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The Pull Through Casting Stroke

How to lead with your hand for a more efficient cast.

The Pull Through Casting Stroke

Besides getting out there and doing it, traditional teaching aids such as analogies, visuals, and key words and phrases may help you focus your efforts and hasten your learning process. (Ben Blackwell photos)

This article was originally published in the December 2005 issue of Fly Fisherman


The only way to learn the feel of casting a long, weighted line with a flexible rod is to experience it, not unlike learning to ride a bicycle for the first time. Convincing or inspiring the learner to jump on the bike and go for it may well be the best form of instruction. Casting a fly is identical; almost anyone can learn to do it simply by casting.

Over the past decades there have been many ways to teach fly casting, especially using key descriptive words and phrases. I will briefly review them and then introduce a relatively new descriptive teaching concept that I call "the pull through." It's the most elemental and important aspect of a casting stroke, in which the casting hand precedes the rod tip through most of the casting stroke, and the turnover and stop takes place only at the end of the casting stroke.

Besides getting out there and doing it, traditional teaching aids such as analogies, visuals, and key words and phrases may help you focus your efforts and has­ten your learning process. Although most of these instructional tools are valid and useful, at times they can inhibit learning and possibly lead to serious casting faults. The following are examples.

Throwing a ball is an excellent analogy for communicating the athleticism and fluidity of a natural throwing motion. It can, however, lead to using too much wrist in a throwing motion that fails to effectively bend and unbend a fly rod.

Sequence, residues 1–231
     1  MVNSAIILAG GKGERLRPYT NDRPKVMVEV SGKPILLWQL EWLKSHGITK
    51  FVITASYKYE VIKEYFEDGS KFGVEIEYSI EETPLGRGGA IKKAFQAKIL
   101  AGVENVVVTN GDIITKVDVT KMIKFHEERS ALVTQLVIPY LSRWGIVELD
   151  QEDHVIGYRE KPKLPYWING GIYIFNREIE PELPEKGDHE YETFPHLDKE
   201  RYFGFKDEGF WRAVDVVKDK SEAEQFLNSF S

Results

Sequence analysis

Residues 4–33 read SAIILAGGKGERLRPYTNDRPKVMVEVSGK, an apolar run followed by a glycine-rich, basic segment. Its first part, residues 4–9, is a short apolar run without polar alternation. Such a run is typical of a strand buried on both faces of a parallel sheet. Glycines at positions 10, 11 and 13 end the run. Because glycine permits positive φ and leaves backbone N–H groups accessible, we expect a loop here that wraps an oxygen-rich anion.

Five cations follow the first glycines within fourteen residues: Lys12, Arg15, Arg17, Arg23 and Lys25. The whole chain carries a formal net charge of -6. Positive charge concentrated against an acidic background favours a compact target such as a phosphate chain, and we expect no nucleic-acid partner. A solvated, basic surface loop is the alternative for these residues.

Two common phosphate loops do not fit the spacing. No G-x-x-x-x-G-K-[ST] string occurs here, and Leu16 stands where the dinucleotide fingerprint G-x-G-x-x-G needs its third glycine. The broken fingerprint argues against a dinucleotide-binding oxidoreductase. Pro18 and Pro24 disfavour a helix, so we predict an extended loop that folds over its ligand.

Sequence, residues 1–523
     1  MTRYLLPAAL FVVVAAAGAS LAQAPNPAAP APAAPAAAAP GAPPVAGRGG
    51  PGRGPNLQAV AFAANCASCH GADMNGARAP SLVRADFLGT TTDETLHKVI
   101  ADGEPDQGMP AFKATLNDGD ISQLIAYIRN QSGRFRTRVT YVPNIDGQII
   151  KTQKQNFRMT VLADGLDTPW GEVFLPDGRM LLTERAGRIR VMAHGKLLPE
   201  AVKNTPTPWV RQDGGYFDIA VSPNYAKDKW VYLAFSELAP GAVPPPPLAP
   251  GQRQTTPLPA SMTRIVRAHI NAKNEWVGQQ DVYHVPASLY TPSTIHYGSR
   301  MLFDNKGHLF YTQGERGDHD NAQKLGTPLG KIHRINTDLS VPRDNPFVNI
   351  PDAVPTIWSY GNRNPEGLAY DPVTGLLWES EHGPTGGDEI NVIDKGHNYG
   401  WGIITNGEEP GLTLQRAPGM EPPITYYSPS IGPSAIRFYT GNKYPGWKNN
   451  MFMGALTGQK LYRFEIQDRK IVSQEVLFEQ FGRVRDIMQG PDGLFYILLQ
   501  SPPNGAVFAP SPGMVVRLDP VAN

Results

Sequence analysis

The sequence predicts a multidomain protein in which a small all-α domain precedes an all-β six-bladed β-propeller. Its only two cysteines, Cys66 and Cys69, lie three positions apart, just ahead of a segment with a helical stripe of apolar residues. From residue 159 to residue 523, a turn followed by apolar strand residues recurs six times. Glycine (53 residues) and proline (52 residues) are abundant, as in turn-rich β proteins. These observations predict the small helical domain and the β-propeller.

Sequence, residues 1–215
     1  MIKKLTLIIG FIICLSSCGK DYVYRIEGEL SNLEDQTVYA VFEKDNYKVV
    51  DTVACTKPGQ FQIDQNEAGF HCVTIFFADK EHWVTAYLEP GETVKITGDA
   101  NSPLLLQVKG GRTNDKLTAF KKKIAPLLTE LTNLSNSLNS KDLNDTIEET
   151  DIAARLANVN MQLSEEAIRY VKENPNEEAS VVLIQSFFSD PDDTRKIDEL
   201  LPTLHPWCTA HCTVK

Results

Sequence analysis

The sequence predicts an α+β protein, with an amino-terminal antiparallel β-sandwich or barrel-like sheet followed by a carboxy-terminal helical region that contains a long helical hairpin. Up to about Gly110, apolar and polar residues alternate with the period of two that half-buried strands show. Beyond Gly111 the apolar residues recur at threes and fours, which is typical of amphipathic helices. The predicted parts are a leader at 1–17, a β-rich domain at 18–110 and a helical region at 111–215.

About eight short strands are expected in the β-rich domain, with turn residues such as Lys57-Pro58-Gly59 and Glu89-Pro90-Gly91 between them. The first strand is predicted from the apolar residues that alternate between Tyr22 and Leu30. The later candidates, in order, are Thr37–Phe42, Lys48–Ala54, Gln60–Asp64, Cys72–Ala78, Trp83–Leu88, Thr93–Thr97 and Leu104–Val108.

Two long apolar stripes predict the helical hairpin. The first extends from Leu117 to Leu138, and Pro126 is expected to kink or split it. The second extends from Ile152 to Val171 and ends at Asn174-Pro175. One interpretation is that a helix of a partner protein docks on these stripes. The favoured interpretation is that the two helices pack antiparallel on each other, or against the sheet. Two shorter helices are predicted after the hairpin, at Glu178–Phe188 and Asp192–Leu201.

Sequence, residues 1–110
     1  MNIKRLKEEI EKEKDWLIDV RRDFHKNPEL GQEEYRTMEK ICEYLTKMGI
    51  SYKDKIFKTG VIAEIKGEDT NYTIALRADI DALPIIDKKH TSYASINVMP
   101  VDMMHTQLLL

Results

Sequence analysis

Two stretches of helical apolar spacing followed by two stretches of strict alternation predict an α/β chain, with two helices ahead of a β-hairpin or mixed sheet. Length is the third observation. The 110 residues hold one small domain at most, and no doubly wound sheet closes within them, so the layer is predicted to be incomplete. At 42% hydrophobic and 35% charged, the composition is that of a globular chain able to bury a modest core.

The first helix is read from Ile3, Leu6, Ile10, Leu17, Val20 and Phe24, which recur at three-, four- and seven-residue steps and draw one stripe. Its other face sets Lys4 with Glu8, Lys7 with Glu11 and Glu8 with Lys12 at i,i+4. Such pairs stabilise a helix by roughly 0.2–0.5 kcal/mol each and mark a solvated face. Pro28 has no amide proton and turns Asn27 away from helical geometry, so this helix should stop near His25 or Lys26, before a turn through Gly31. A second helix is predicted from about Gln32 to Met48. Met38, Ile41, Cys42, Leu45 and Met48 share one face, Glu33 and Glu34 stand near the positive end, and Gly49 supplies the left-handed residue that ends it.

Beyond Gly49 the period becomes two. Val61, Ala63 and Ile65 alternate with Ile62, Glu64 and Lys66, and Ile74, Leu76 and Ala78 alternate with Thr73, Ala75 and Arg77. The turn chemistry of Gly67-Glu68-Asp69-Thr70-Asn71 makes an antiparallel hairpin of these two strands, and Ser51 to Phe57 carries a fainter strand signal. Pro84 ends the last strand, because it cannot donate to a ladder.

Words like "whump," "snap," "flick," "flip," and "pop" are commonly used to convey the feeling of bending (loading) and unbending a fly rod. Again, they are good words, but they are often misconstrued to indicate a too-quick loading and unloading of the fly rod, resulting in a dip of the fly rod tip and tailing loops. Spelling "whump" with two or three Us–"whuuump" or possibly "snaaap"–might help you understand the speed of the motion, especially for longer casts.

Phrases like "accelerate to a stop," "speed up and stop," and "start slow and end fast" are common instructional tools that accurately depict the tip of the rod during a casting stroke. However, many learners get poor results when they attempt to emulate those slow-to-fast directions with their casting hand. A more useful instructional phrase might be "a smooth, even hand movement to a stop." The rod tip should accelerate throughout the casting stroke.

Mel Krieger casting
The roll cast can be an excellent introduction to the unique feel of the fly cast. Forcing the rod into a bend and keeping it bent–finally unloading (stopping) in the intended direction of the cast–it's almost like putting a casting loop in the fly rod itself. (Ben Blackwell photos)

Another common phrase that has almost become a mantra in fly casting is "Applying power too early in the casting stroke creates a tailing loop." This statement is incorrect. It is possible to apply maximum power in the beginning of a casting stroke. The key to a good cast is maintaining, or even increasing, the rod bend throughout the stroke. The real culprit here is unloading the rod too soon!

Let's look more closely at a fly-casting stroke. The first step in all fly-casting strokes is bending the rod. Significant movement of the line only takes place after the rod bend. Starting a casting stroke too slowly, or for that matter too quickly, usually results in a poor rod bend and an inefficient cast. Some words that may help include "do not start a casting stroke slowly" or "do not start quickly." A somewhat better description of a casting stroke might be "bend the rod and sling the line" or "bend the rod and accelerate to a stop," or whatever words work for you following "bend the rod and…"